Civics Citizenship

Being political: genealogies of citizenship by Engin F. Isin

By Engin F. Isin

Being Political offers a robust critique of universalistic and orientalist interpretations of the origins of citizenship and a persuasive substitute background of the current struggles over citizenship.

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Extra info for Being political: genealogies of citizenship

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The confraternity was above all a unification of all local landowners. It was formalized for the purposes of defense, settling disputes, and administration of justice. Other purposes included the regulation of trade and commerce. Only the members of the corporation could engage in trade and commerce in the city. The city association also determined the obligation owed to the lord and the martial organization. Masses of citizens were forced to join the sworn confraternization. “The noble and patrician families, which had founded the association would administer an oath to all inhabitants qualified by land-ownership; those who did not agree to take it were forced into exile” (1253).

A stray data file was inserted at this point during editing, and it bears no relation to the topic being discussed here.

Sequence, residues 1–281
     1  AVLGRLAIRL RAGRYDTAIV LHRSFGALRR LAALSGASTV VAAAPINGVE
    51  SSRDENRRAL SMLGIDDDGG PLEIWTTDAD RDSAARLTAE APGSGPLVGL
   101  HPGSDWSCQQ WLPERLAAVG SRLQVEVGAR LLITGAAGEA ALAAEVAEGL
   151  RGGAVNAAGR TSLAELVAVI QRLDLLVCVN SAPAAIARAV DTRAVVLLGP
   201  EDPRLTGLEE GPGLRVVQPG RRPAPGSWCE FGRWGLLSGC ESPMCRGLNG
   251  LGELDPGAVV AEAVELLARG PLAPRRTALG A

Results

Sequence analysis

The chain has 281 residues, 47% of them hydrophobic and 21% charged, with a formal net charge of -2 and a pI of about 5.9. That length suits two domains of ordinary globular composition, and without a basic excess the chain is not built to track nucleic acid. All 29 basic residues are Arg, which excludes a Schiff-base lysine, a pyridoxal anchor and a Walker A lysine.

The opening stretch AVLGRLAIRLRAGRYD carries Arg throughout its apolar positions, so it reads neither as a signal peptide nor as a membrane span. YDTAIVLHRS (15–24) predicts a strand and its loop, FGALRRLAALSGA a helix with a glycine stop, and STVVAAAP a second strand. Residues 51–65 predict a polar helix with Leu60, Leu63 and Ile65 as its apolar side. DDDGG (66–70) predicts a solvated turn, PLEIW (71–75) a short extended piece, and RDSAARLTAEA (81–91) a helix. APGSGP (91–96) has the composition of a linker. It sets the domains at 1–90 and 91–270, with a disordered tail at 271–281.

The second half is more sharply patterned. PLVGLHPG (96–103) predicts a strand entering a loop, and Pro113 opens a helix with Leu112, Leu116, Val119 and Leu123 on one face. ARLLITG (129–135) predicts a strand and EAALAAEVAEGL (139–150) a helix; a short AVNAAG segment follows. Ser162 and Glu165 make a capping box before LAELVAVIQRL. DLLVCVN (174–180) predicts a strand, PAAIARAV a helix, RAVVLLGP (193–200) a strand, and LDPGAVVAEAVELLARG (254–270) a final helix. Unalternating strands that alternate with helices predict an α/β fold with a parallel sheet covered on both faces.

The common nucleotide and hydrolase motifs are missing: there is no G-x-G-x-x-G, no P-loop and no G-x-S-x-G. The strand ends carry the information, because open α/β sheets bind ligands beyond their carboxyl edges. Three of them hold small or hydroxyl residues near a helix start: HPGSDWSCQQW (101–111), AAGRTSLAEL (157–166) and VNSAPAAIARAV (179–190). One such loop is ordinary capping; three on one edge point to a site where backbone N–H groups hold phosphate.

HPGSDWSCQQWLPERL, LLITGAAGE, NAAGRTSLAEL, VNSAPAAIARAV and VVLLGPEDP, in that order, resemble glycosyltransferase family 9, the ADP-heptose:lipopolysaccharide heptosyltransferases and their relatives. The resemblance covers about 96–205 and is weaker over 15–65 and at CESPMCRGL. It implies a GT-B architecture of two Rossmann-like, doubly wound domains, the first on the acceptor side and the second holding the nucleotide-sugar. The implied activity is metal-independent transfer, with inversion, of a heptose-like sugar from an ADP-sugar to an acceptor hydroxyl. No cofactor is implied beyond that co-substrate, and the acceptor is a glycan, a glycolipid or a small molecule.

To put it differently, rather than taking the narratives provided by citizens as given and rather than comparing citizens with barbarians and aliens, Being Political investigates the immanent strangers and outsiders of the city. What follows is a brief outline of its underlying interpretive analytics and the sources it draws from. Ways of Being Political: Solidaristic, Agonistic, Alienating That human beings struggle for recognition and that in doing so form associations with other human beings, and that by virtue of this sociation they group themselves and others need not be a universal or transcendental conception.

By contrast, slaves in the polis, vagabonds in the eutopolis, or refugees in the cosmopolis were constituted as outsiders, neither belonging to the group nor interacting with it, but belonging to and necessary for the city in which citizens and strangers associated. They were typically, though not always, constituted via agonistic and alienating strategies and technologies. By contrast, aliens constitute a category that is entirely outside the realm of sociation and association, whether solidaristic, agonistic, or alienating.

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